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Showing posts from April, 2013

The Thing About Psychopaths

Brunton Theatre, Musselburgh 3 stars At first glance, Perth-born writer Ben Tagoe's new play for Leeds-based veterans Red Ladder looks like the sort of timely dissection of financial corruption that fuelled the likes of Lucy Prebble's hit, Enron. Rod Dixon's production opens with naïve computer whiz-kid Noel being courted by wheeler-dealer Ray to make some easy cash by investing other people's money in illegal ventures without them knowing. When he's found out, Noel takes the rap while Ray slithers his way towards the next fall guy.
We next see Noel in a prison cell, forced to share with bully boy Michael and father figure Emmanuel. Noel may be incarcerated, but he finds himself caught up in the same cycle as before, co-opted into a black economy not of his making until he finally sells his soul in order to survive.
While there are shades here of David Mamet's early play, Edmond, which also ends in a prison cell, it's not difficult to see Tagoe's point…

The Sash - Hector MacMillan on his 1970s classic

One night Hector MacMillan was sitting backstage in the old Pool theatre in Edinburgh with the actors who'd just performed in his play, The Sash. MacMillan was told there were two men in the auditorium who wished to see him. On making his way out front, MacMillan was greeted by what he describes as “two very polite Orange men from Leith, who took issue with the content of the play.”
Given that The Sash looked at inter-familial conflicts on the day of the Orange Order's annual parade in Glasgow, this came as no surprise. The pair had to admit that, while they'd thoroughly enjoyed the play, you would never find anybody like Bill MacWilliam, the monstrous loyalist patriarch at its heart, in the Order itself.
MacMillan hadn't noticed that there were other people lingering in the Pool's tiny shop-front auditorium as well as the two Leithers. Only when a dissenting voice boomed out “like the Reverend Iain Paisley,” according to MacMillan, to interject, did he become aw…

New Plays From China

When playwright Davey Anderson travelled to Beijing with Scavengers, as short play written for students at the Royal Conservatoire in Glasgow, he was exposed to a world of Chinese theatre that went beyond the Golden Hedgehog festival of student drama which Scavengers was appearing at. Anderson was taken to the Beijing Fringe Festival, where lots of home-grown work made largely by directors was being shown.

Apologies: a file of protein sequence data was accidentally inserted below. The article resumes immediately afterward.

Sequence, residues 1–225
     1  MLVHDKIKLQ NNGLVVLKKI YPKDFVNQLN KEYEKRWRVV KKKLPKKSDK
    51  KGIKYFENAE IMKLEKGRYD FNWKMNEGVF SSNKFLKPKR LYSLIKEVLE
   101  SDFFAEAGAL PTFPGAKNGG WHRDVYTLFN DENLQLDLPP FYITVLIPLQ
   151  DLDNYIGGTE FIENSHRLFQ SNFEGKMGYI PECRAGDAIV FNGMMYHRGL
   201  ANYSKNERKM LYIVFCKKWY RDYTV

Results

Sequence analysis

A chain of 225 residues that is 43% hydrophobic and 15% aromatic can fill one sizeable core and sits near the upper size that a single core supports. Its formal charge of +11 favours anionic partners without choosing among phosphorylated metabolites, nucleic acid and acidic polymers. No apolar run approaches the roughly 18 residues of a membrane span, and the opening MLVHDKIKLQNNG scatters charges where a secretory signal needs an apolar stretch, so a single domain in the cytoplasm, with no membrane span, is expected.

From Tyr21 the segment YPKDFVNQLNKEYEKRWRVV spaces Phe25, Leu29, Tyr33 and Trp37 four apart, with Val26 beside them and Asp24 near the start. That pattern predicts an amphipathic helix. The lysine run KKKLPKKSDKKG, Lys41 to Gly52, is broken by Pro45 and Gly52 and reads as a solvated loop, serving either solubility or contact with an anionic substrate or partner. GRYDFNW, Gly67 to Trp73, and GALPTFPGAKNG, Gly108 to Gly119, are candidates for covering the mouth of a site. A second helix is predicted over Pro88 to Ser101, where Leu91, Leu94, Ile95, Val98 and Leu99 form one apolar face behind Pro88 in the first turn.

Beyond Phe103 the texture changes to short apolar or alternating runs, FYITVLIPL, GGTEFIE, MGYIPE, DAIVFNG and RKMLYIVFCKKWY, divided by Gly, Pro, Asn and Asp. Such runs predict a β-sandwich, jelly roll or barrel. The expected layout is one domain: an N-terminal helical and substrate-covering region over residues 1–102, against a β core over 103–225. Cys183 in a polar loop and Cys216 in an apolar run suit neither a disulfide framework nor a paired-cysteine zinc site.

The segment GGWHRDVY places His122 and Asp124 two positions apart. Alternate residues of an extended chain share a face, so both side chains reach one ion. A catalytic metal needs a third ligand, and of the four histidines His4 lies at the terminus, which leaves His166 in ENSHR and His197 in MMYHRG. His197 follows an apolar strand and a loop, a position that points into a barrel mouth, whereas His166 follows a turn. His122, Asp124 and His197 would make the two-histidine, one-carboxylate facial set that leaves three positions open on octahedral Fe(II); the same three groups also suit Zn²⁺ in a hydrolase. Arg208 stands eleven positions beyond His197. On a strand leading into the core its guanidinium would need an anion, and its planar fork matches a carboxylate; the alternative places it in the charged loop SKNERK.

“I saw very little new work,” Anderson recalls, “and that made me curious about where all the new writers were. I've actually seen very little work by Chinese writers, but I knew there must be some, and that there were great stories out there about China today.”
Through the auspices of the National Theatre of China, Anderson put out an open call for writers. This was, he admits, “a mad idea, just inviting all these writers into as room with us to scribble.”
After whittling the writers down to a ten-strong group, Anderson put them with three Scottish writers, including himself a…

Deadinburgh

Summerhall, Edinburgh 3 stars How would Scotland's capital city cope if it went into lockdown after an all consuming plague ran amock through the city? How would the survivors react if they were forced to decide on a course of action which may or may not save them? And what if the plague in question was a horde of flesh-eating zombies infected with a killer virus?
All these questions and more are asked in this promenade performance devised by the London-based LAStheatre, who have presented similar perambulations through the Old Vic Tunnels. As the 200-strong audience queue outside the film-set like maze of the former Royal Dick Vet School, they are scrutinised by men in uniform checking for signs of infection. Once inside, a general in command barks out orders while chaos reigns. We will be broken up into six groups, we're told, and led through the building where we'll be introduced to assorted real life scientists who will help us decide what action to take; quarantine…

Terre Thaemlitz - Arika – Episode 5